I am excited to post my first Finance Director interview, as part of the ‘Your Career in Finance’ series.

I’m focusing on the different qualifications within finance such as ACA, ACCA, and CIMA.

Each week I’ll be sharing insights from an FD who has taken each different qualification path - covering why they chose that qualification, their specific career path, and what advice they would give someone starting their career in finance. Golden information for any aspiring FDs!

Up first, the brilliant Liam Cartledge, Finance Director at Castings Technology International in Sheffield.

I have known Liam for a few years now and I wanted to pick Liam's brains because he is ACA qualified and has had an exciting career, particularly within the manufacturing sector.

Why did you choose ACA as your qualification?

Probably a little bit of an old-fashioned viewpoint these days but ACA was always seen as the top accounting qualification to hold when I started out and most of the top companies in the FTSE 100 still have ACAs as either CFO or CEO or both. My journey started doing Accounting and Finance at university, rather than in an industry role, and so the next logical step was to apply for an ACA training contract and that was my first job. Must be honest though, I didn’t realise just how much auditing would be involved and that is definitely not my bag at all!! I also always aspired to be a company CFO or FD one day and felt going the ACA route would be the most likely way to achieve that.

Could you outline your career path leading up to your current role as an FD?

As I mentioned, my first job out of university was a 3-year ACA training contract at a small boutique practice in Manchester but I quickly realised the audit/practice/aim for partner life was not for me at all. It became a means to an end, so I got the ACA qualification and headed straight out into industry and landed a finance manager role within a huge multi-national plc (£6bn turnover and 40,000 employees).

I stayed in that PLC for 16 years, gaining regular promotions every 2-3 years until I was about to become a Divisional FD. However, one well-documented and publicised administration later meant I was forced to move into what turned out to be something a lot more akin to what I always wanted to do, I just didn’t realise it until then. PLCs are great, lots of good people and you learn loads about how to do things the right way, but sadly you are sometimes just a name and a number and never too far away from a corporate restructure or being placed at risk of redundancy, especially if said PLC is struggling, as the one I worked for spectacularly was at the end.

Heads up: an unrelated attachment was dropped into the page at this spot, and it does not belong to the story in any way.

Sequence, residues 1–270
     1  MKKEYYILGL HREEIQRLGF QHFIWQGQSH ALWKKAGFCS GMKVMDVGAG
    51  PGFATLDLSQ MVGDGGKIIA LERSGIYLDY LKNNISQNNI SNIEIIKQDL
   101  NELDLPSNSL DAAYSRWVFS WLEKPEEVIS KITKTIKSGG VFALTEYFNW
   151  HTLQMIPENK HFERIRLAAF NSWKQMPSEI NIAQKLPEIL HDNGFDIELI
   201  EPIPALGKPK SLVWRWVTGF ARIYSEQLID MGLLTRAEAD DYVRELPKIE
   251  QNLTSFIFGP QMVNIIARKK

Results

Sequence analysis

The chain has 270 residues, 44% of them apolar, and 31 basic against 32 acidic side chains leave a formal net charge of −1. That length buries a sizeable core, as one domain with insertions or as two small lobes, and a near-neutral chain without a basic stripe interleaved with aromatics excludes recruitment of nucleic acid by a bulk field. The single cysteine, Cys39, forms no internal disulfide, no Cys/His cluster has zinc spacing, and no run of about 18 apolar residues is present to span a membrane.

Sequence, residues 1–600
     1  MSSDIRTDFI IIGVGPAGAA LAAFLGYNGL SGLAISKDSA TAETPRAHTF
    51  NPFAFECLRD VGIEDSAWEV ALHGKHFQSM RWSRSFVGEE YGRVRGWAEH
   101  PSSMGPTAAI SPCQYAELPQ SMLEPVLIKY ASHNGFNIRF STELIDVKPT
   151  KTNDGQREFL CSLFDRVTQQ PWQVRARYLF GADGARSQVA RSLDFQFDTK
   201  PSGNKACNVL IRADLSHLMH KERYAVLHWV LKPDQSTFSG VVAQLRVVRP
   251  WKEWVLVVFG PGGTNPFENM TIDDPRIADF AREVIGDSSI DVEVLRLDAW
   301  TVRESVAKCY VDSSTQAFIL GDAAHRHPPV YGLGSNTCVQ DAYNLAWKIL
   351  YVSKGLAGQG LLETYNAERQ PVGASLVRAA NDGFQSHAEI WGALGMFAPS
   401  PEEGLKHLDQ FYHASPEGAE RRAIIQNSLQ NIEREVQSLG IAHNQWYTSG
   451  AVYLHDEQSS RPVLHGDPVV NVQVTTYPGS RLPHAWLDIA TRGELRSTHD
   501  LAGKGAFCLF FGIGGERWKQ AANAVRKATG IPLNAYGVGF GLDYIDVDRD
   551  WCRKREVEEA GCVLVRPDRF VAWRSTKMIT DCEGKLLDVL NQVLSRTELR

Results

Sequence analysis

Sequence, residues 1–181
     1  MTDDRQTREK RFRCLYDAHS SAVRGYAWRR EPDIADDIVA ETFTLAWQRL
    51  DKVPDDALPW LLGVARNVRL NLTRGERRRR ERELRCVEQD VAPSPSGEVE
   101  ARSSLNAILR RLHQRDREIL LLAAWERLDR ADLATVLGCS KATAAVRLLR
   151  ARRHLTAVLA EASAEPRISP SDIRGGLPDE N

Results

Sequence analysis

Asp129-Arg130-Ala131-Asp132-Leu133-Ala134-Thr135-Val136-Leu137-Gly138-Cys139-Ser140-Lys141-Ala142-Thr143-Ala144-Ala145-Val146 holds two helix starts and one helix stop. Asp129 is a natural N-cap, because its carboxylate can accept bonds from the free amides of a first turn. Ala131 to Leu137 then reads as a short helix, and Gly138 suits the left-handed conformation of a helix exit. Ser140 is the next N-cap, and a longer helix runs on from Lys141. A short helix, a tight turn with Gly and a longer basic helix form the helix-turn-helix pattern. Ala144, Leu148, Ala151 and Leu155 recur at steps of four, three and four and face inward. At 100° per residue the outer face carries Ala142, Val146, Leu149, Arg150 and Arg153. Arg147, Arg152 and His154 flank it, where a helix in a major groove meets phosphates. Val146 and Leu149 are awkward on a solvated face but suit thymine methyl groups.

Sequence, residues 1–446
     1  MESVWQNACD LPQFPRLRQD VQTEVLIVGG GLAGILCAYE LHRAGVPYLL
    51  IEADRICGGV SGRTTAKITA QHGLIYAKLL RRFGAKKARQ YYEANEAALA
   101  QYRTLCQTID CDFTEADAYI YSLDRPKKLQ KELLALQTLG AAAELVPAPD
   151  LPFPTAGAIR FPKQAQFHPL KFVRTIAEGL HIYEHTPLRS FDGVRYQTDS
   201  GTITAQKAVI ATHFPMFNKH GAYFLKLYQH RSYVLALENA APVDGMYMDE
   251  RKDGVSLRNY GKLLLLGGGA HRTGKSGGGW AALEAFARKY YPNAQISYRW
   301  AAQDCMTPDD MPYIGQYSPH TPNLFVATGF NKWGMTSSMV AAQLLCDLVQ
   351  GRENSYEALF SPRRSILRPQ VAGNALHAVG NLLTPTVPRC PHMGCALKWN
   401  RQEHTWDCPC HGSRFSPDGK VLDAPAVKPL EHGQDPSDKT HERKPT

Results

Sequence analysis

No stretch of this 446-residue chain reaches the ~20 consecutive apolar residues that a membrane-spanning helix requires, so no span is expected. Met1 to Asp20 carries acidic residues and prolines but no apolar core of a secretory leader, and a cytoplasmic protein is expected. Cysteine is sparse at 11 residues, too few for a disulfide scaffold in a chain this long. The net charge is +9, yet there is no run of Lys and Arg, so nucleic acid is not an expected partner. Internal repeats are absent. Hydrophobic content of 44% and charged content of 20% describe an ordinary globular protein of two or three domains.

I then moved into manufacturing in Sheffield and become Group FC of a £70m muti-national manufacturer based in Sheffield. Within a year that Group doubled in size via an acquisition, and I was promoted to Group Financial Reporting Manager, where I remained for 4 more years before making the step to my current role as FD in a small, niche manufacturer in Sheffield.

With hindsight, I probably stayed in the PLC for too long and should have made the move to manufacturing and the smaller Group/company earlier but at the same time, my personal circumstance meant I probably wasn’t ready to move to FD until I did and so you must always do what feels right at the time for you.

What guidance would you offer to someone who is just beginning their career in finance?

Try and have a plan of where you want to be in 5 or 10 or even 15-years’ time and work backwards from there. Try and decide what type of organisation you want to be in. Numbers are numbers and finance is one of the few skills that is basically transferrable across all businesses in all industries but for example, in Sheffield/South Yorkshire, there are loads of manufacturing businesses and once you are in/understand manufacturing, you will always have an advantage over others who do not have that experience.

I would also say, always do what you think is right for you/your career/your personal life at the time - go with your gut feel, even if you later think that was a wrong choice!! There’s no such thing as a wrong decision, there’s right decisions and learning experiences.

I would also say job title and experience in a role is more important than salary. Don’t take a role because it pays say £5k more if it’s not going to give you the experience you want/need.

Also, again possibly a bit old-fashioned but I’d not move around roles/companies every 1-2 years, unless it is clearly demonstrable that the moves were promotions and part of a longer-term plan to get to where you want to be.

Final point, and by far the most important when in any job/organisation, work somewhere that values and respects you, and above all, have fun and work with people who do the same. We are at work for a large portion of our lives so don’t waste that time being miserable. It’s important to do a good job obviously but life’s too short to be serious all the time!! Accountants are well known for their exciting personalities remember….

The takeaway from this interview is that if you choose to do the ACA qualification it doesn’t mean your career path needs to be audit or practice.

I am always open to discussions around your long-term career, contact with me doesn't always have to be about your next job or current role. Don't hesitate to get in touch.

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